By allowing ads to appear on this site, you support the local businesses who, in turn, support great journalism.
Removing flag doesn't change history
Placeholder Image
Removing the Dixie flag from the South Carolina Capitol grounds did not change history nor erase it from our minds.
This controversial decision did not provide the anticipated healing between the races nor mend the divisiveness between the North and South. Resentments still linger in current generations. “Out of sight; out of mind” does not work here.
Civil War re-enactments are dramatized on both sides annually to celebrate remembered victories and recognize humiliating defeats. We seem to engage these historical events vicariously to make sense of it somehow.
I am not a huge fan of Abraham Lincoln as many are because he declared war on his own citizenry. The Southern states may have fired the first shot but it was defensive in nature.  
History is entirely subjective and interpretive, as no one is alive today to shed insight, although we do have historical documents and letters to guide our conclusions.  
As I recollect the historical events, the Southern states, including Virginia, Mississippi, Alabama, North Carolina, South Carolina, Georgia, Florida and Tennessee declared sedition from the Union in the name of states’ rights, resulting from disagreements with Washington politics (which was a pretty big issue back then with a general distrust for a centralized government ruling the day.)  
Many believed the Union soldiers were fighting to free the slaves; but if you look closer, they were actually protecting the integrity of a relatively newly formed central government’s role in an emerging democracy. Many will dispute this viewpoint, but I will remind those who do that many Northern states had slaves prior to the Civil War too!
The president did not declare war on the slaveholders; the declaration of war was on the whole of Southern Dixieland for not towing the Washington political line as instructed.
My familial roots are resolutely planted in Charleston, S.C.; and I am proud of my southern heritage as many others are (not so much of my ancestors’ slavery practices; but I was not in charge back then.) I am a staunch advocate of states’ rights and not a fan of intrusive federal agendas.
Washington does not always see eye-to-eye with others on various issues; yet, they have the power to enforce upon others their point of view regardless if a state has endorsed the issue with their own legislative process.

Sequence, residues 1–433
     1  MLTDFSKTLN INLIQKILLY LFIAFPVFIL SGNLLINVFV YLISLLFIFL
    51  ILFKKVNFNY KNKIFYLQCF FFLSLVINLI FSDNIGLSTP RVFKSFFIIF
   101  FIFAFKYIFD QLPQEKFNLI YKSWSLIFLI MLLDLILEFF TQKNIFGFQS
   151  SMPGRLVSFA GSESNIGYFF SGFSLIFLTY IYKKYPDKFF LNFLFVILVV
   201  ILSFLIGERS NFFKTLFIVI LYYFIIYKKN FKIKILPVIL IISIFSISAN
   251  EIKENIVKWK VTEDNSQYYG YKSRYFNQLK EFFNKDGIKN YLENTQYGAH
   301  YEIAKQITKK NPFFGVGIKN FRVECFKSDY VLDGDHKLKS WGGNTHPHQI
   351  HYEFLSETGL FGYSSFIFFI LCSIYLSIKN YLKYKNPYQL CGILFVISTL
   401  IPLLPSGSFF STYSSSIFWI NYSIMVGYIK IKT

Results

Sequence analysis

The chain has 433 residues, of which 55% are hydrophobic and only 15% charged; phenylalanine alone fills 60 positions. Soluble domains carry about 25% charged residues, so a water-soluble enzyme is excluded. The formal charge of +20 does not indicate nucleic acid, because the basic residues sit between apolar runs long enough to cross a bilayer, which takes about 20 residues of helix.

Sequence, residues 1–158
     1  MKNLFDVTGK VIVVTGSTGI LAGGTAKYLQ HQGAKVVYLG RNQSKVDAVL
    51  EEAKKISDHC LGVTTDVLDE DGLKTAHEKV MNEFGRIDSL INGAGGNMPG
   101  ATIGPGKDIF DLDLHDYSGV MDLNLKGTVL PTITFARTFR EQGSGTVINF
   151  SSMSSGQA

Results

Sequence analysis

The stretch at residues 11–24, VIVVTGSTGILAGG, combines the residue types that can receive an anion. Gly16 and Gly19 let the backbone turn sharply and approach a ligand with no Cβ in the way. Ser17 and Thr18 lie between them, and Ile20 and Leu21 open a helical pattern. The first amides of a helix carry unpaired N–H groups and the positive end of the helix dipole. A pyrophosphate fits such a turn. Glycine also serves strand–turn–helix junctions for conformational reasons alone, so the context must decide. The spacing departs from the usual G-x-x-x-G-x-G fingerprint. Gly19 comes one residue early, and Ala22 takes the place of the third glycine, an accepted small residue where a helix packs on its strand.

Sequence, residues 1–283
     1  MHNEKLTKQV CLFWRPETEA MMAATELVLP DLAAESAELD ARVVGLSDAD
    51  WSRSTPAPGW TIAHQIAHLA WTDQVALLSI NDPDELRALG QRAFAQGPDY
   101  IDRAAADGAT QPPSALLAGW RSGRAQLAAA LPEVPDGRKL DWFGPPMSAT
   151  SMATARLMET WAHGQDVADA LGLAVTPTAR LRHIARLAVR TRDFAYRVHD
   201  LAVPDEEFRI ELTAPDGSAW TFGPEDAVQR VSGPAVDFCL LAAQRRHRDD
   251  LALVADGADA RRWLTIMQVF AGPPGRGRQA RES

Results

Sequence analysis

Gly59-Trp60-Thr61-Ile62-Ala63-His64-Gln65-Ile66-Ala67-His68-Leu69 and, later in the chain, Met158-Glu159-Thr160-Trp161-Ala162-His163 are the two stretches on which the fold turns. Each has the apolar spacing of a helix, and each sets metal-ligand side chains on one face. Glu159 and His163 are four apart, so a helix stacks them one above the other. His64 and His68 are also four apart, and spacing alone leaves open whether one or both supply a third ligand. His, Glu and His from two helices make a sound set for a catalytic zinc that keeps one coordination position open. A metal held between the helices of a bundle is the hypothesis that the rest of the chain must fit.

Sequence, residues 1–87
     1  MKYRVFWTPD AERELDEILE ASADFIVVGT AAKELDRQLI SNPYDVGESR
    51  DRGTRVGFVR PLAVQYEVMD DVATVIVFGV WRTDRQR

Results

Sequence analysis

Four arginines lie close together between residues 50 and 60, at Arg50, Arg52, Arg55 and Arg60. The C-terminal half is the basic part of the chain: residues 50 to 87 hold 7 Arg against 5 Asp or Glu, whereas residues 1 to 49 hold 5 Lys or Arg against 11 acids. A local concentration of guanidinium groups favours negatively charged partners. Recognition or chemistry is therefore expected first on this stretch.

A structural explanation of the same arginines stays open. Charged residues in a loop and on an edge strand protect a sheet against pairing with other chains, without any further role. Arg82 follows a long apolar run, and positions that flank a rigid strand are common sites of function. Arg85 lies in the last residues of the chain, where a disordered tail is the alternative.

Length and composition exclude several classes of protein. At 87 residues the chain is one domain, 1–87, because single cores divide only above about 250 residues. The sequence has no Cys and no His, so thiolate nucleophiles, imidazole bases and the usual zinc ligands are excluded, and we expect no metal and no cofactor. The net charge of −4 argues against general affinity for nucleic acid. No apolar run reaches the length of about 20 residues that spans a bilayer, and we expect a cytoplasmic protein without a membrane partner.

A smart federal prosecutor turned defense attorney once told me, “Federal law always trumps state law” Why? I never received a satisfactory answer. This philosophy borders on tyranny — exactly what our forefathers feared and why our Civil War veterans stood up in arms to prevent.
The rebel flag for many represents the fierce independence our Confederate heritage fought tenaciously to protect and rebel against ever expanding federal dictates. It does not represent the endorsement of slavery as some have suggested.
In South Carolina, you will still see the rebel flag flying next to the Gen. Robert E. Lee (statue), commander of the Confederate Army. In my opinion, this is a reminder of our proud Southern heritage and a remembrance of our Civil War veterans who fought and died in the hundreds of thousands to protect states’ rights and should never be removed.
Regardless of whether we officially surrendered to Ulysses S. Grant or not (some of our soldiers never did), our fierce independence still lives on.
The Civil War may have ended the unconscionably practices of slavery with the Proclamation of Emancipation effective Jan. 1, 1863, leading the way; but the effects of true equality amongst peoples came much later.
Progressive ideas of morality abolished slavery, indentured servitude and supported the advancement of the Civil Rights movement confronting blatant societal discrimination under the peaceful leadership of Martin Luther King. Dr. King rightfully knew lasting changes in people’s hearts only come through peace not war! Surely, we can rally behind these sentiments?
Sign up for our e-newsletters